Humanitarians of hope[youtube]http://www.youtube.com/watch?v=8nQO9lMM21w[/youtube]
When David and Margie Vanderpool first arrived at the Karlovka Rehabilitation Center for Children about six years ago, the situation was dire.
“It was heartbreaking,” David says. “It was dark and cold. The children were expressionless. They didn’t have enough to eat. They didn’t have jackets. It gets bitterly cold in the wintertime.”
Today, the kids are healthier and happier thanks to the Vanderpools and their team of volunteers, who have been traveling to the Ukraine each year to deliver supplies, set up recovery programs and minister to the children.
“They can sense the fact that someone cares about them. It’s so rewarding to see things like that happen.”
The government-run orphanage is home to the country’s “throw-away” children, ages 8-16, who are picked up off the streets already addicted to drugs and alcohol. They are forced to leave the home at age 16, and only about 20 percent become successful members of society. The rest end up homeless or dead, David says.
The Vanderpools have developed a two-pronged mission. It began when David, a surgeon at Baylor Medical Center, decided to make use of outdated medical equipment by taking it to rundown hospitals in the Ukraine.
“It’s still as useful as it was then. A tremendous amount of that gets destroyed or packed away. The hospitals in the Ukraine are more outdated than the old Parkland Hospital when it opened in 1952. They’re that far behind.”
Their fetal monitor was a primitive wooden cylinder with a flared end placed on the mother’s abdomen while the doctor listened to the heartbeat on the other end. The tool resembles the original stethoscope designed in 1816, David says.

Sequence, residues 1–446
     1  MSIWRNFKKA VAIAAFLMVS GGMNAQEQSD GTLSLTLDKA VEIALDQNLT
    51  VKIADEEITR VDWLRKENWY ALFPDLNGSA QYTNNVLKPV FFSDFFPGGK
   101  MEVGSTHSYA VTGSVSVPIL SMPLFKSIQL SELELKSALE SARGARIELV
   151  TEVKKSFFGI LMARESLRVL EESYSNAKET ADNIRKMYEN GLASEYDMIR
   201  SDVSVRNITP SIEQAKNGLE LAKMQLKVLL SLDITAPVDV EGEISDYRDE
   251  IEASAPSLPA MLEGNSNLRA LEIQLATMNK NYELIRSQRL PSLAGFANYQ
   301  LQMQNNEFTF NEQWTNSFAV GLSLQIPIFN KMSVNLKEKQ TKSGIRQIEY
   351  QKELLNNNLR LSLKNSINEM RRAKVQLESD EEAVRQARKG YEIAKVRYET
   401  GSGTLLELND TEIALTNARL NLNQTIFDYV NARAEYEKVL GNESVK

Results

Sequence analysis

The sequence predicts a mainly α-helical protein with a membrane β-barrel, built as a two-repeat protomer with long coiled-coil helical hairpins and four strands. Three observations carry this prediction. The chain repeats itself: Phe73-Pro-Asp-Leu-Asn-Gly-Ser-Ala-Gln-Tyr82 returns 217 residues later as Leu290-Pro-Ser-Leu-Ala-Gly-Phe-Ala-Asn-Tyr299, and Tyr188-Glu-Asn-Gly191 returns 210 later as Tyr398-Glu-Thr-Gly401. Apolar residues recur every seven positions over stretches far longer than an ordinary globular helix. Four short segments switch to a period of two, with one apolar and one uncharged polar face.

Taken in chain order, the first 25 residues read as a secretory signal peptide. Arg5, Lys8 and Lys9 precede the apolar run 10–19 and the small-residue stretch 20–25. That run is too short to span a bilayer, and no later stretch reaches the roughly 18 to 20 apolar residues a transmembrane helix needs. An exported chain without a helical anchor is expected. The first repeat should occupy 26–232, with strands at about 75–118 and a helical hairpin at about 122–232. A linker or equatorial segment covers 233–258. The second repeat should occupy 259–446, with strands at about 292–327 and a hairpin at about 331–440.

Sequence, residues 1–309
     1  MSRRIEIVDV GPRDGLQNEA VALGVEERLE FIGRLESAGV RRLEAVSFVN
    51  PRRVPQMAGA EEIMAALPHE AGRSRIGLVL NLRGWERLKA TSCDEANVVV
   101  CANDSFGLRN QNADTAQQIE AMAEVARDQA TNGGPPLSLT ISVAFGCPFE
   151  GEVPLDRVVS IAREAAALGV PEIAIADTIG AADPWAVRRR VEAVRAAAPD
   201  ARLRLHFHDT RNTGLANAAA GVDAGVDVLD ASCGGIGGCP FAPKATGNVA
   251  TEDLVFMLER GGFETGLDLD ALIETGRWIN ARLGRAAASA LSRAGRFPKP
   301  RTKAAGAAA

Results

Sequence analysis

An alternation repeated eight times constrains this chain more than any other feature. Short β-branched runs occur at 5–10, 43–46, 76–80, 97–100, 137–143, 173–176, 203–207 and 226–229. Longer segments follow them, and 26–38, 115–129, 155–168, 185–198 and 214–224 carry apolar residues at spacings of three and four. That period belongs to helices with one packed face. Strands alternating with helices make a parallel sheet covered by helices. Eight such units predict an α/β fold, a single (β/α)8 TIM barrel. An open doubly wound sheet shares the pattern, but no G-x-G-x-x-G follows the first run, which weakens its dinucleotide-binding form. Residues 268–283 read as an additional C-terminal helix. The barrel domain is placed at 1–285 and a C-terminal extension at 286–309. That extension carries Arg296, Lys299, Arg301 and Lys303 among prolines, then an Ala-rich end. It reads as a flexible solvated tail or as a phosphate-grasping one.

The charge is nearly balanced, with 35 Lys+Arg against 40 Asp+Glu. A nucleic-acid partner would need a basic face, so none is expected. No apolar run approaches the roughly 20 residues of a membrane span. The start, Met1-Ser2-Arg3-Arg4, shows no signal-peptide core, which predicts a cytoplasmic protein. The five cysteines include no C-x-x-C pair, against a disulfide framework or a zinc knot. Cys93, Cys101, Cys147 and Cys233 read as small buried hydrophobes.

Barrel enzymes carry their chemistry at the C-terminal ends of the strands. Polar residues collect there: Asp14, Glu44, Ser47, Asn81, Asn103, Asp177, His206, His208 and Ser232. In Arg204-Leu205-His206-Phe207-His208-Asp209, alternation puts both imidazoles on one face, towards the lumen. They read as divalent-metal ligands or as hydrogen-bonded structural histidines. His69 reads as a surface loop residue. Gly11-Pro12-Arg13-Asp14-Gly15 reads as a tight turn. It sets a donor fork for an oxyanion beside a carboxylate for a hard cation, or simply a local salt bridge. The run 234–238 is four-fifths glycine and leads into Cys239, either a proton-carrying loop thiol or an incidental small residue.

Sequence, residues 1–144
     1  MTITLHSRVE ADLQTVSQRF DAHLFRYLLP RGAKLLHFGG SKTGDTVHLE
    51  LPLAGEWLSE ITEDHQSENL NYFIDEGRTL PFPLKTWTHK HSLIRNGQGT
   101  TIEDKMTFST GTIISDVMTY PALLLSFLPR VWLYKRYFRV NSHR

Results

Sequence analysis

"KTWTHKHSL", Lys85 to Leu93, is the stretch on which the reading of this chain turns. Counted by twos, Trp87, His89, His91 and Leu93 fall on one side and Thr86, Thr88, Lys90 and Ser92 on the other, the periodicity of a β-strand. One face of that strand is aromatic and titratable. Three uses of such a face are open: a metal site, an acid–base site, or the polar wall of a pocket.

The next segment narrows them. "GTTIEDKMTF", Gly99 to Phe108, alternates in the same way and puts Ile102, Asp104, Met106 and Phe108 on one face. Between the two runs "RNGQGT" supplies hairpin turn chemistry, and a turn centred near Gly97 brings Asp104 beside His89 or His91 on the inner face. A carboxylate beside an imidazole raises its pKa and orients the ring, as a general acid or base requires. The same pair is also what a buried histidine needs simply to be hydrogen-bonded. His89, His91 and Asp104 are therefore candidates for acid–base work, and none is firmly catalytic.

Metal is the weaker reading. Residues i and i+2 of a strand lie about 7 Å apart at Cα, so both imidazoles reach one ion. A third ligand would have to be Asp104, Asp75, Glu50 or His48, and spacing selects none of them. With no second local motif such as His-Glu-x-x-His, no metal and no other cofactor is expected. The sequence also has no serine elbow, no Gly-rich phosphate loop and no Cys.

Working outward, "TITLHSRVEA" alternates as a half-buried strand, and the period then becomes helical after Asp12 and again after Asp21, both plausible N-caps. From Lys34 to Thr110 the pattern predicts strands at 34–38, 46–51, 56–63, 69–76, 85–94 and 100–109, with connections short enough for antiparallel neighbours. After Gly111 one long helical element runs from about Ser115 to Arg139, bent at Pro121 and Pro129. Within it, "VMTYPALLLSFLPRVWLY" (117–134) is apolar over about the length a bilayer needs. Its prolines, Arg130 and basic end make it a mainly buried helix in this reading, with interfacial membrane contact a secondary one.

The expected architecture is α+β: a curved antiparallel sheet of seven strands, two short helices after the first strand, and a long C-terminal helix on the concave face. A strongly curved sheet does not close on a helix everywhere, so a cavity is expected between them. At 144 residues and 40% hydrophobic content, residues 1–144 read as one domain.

While delivering the first batch of supplies, David and Margie visited the Karlovka orphanage and realized they had to help there, too.
David says he has dabbled in some humanitarian aid over the years, but his work in the Ukraine has become a lasting mission. He and his wife Margie have lived in Preston Hollow for 48 years. Margie was among the first residents in 1937 before the area was annexed to the city of Dallas in 1940.
It’s true what the history books say — there was one man policing the entire town. And that’s all it needed, says Margie, who was just a kid at the time.
“We had one police officer, Leroy Trice. He knew all the kids. I don’t recall any fire trucks; I don’t recall any fires. There weren’t a whole lot of people out here. When the war was going on, I remember we’d all run down to the corner to wave at the troops as they were leaving.”
When she married David, the two moved away for a couple of years while he was in the Air Force, stationed in Amarillo from 1961-1963. David is still an active pilot and often flies his Beachcraft Bonanza to the family’s vacation home in Angel Fire, N.M., and to visit their son in Nashville.
The Vanderpools continue to travel to the Ukraine once a year and have become fixtures in the communities there. Recently, they helped set up transitional housing for the children who leave the orphanage, offering vocational training and increasing their chances of living a successful life on the outside. They work with Eastern European Ministries and are part of a nonprofit, Programs for Humanitarian Aid, that helps provide a strong support system of Ukrainian locals who lead regular church services and teach life skills.
The Vanderpools also helped mobilize volunteers at Skillman Church of Christ in Lakewood, teaching Vacation Bible School at the orphanage and putting together gift boxes to ship at Christmas. This year, they’re supporting a second facility in Gorlovka, Ukraine, which houses teenage mothers and their babies.
David is still shipping medical supplies and even helped recruit other staff at Baylor to go and teach the doctors and nurses how to use their new equipment.
“My philosophy is that I could go over there for a week and help 20 or 25 people, and after I left, there would be no change. But if we can improve the quality of care by updating the equipment and skills, we can help thousands.”